In Perkins et al. v. Lukens Steel Co. et. al., the Supreme Court said: "We are of opinion that no legal rights of respondents were shown to have been invaded or threatened in the complaint upon which the injunction of the Court of Appeals was based. * * * Respondents, to have standing in court, must show an injury or threat to a particular right of their own, as distinguished from the public's interest in the administration of the law."[3] [Italics supplied.]

That is precisely the situation here. Since the mere submission of a bid *998 conferred no contractual status upon appellant, it therefore comes in merely as one of the public and, by failure to show any specific, particular right that has been invaded, it falls within the doctrine of Perkins v. Lukens, as set forth above. In any event it is hornbook law that a mere member of the public cannot be heard to interfere with the processes of executive administration unless his specific, private right has been or is about to be invaded.

It is urged by appellee that the United States is an indispensable party which cannot be sued without its consent. Appellant on the other hand points particularly to the case of United States v. Lee,[4] and the cases following it, more especially to Domestic & Foreign Commerce Corp. v. Littlejohn[5] and to Dollar v. Land.[6]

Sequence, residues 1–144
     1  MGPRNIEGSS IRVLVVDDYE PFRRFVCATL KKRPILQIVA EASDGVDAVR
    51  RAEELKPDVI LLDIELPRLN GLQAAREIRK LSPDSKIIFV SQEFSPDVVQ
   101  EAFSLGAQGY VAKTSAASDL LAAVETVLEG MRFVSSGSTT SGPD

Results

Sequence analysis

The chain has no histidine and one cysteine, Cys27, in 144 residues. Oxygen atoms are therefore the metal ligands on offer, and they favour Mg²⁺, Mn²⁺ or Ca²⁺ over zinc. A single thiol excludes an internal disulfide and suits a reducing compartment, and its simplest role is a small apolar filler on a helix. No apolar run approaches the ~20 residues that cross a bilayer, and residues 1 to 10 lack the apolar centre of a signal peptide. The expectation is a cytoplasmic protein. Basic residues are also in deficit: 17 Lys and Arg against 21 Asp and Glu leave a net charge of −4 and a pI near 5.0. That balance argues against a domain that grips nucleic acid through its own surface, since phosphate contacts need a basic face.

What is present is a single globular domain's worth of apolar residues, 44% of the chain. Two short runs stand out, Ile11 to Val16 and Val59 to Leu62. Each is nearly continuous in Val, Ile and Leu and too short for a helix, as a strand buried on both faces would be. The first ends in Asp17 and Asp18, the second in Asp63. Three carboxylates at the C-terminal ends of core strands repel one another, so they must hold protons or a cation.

It happens that the two latter cases were heard in this court by the same three judges who sat in the instant case and the opinions in both cases were written by the writer of the present opinion. Both of those cases were cases which involved appeals from the action of the District Court in entering summary judgments against plaintiffs and they were cases in which the petition alleged that certain agents of the Government were withholding property which legally belonged to plaintiff. We held in both cases that there was a disputed issue of fact which should be tried on its merits.

The Lee case, which was and is still the soundest of law, went off on the same principle and so have the cases which correctly followed it.

The case which to us seems absolutely controlling on this point is the celebrated case of United States ex rel. Goldberg v. Daniels.[7]